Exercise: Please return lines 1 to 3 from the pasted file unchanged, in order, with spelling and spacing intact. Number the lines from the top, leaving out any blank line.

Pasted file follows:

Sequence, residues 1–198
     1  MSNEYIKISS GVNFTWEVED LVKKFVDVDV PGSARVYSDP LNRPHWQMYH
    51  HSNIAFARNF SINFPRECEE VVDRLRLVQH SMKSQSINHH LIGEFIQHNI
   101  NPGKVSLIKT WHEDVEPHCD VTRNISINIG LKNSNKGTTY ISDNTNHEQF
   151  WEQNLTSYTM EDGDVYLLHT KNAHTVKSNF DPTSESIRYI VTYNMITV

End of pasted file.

Sequence, residues 1–198
     1  MSNEYIKISS GVNFTWEVED LVKKFVDVDV PGSARVYSDP LNRPHWQMYH
    51  HSNIAFARNF SINFPRECEE VVDRLRLVQH SMKSQSINHH LIGEFIQHNI